An ancient Icelandic folk-story, which is still believed by a surprising number of Icelanders today, is the existence of elves ('huldufolk' - or 'secret people'). The history van be traced back over a thousand years, as mention of elves were made in Viking-era poetry from the island. The concept of elves differ from the tiny figures of American or British culture - instead these figures look much like humans, and live in mounds in the Icelandic countryside.
The dramatic, moon-like volcanic landscapes of Iceland, coupled with remote locations and unpredictable weather, certainly do have a mystical element. This may help to explain why, in a survey conducted in Iceland in 1998, over 54% of the respondents said that they believed in elves. In fact, the belief is so deep-rooted in Icelandic culture that on any major construction project, such as the building of a new road, specialist 'elf-consultants' are engaged to ensure that the planned construction route does not disturb elf settlements! There have also been tales of unexplained machinery breakdowns and other unforeseen interruptions when building in areas believed to be occupied by elves.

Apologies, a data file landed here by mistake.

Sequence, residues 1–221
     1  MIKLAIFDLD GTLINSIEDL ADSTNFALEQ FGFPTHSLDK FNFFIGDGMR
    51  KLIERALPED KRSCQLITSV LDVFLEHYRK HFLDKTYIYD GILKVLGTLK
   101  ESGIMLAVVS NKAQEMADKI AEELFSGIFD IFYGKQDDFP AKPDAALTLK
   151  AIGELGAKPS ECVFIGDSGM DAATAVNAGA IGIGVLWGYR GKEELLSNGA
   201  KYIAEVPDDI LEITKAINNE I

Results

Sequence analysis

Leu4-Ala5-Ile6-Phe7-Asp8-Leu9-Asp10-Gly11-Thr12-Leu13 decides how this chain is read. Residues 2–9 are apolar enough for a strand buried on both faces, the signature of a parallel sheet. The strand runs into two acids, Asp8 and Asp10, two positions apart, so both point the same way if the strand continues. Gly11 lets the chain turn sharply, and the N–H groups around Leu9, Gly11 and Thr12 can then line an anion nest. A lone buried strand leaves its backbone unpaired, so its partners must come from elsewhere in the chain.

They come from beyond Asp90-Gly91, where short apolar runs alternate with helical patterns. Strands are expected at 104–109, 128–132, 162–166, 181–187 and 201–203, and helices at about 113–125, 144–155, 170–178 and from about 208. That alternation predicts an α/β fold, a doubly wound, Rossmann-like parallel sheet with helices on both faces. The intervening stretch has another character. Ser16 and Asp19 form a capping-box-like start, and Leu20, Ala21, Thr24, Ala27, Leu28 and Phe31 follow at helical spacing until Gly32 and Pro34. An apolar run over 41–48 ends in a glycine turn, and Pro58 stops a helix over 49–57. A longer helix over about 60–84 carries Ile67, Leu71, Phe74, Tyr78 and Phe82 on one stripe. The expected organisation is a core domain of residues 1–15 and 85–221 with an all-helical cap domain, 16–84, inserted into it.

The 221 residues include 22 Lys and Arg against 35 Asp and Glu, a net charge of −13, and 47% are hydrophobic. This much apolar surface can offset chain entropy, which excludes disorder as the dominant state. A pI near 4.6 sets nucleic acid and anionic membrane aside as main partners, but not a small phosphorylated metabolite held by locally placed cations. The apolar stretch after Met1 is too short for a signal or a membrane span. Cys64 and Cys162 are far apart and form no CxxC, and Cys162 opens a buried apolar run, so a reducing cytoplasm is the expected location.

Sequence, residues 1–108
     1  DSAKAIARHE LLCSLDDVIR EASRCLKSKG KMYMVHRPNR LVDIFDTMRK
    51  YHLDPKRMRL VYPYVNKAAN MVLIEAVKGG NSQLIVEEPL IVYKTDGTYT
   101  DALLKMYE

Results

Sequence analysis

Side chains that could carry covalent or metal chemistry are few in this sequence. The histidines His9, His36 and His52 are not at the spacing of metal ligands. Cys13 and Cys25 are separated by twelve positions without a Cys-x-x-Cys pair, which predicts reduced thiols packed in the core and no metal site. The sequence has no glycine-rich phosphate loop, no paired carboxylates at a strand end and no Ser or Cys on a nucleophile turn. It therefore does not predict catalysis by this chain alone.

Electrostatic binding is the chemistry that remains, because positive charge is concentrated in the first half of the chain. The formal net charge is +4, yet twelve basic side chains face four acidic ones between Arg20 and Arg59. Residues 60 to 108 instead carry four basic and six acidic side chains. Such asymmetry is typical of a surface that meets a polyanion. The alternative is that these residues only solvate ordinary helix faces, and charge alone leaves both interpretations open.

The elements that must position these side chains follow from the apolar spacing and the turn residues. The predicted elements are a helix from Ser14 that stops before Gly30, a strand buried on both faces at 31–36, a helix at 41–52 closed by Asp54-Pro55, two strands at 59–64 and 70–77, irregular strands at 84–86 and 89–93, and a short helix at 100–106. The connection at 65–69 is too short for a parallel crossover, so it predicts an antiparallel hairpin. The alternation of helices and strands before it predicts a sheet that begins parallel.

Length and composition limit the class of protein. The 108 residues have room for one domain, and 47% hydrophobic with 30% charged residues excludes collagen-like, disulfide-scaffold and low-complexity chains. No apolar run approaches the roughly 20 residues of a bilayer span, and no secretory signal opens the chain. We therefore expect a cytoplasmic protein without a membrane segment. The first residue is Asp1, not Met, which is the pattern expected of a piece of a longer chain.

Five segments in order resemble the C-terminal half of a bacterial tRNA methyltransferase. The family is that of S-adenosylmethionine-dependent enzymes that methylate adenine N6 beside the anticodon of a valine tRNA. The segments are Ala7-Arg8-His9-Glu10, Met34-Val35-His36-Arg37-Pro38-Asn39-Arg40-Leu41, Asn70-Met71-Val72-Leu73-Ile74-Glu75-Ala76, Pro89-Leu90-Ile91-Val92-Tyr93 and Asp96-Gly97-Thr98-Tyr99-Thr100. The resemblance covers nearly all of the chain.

There have been three separate attempts at building a road through Alfholl in Kopavogur, one in the 1930s, another a decade later, and finally an attempt in the 1980s. All were unsuccessful due to a variety of construction problems, and in the end the road was constructed around the hill!
Today, the Icelandic Elf School in Reykjavik organises educational excursions for visitors, including a visit to Hellisgerdi Park - said to be the city's largest elf colony!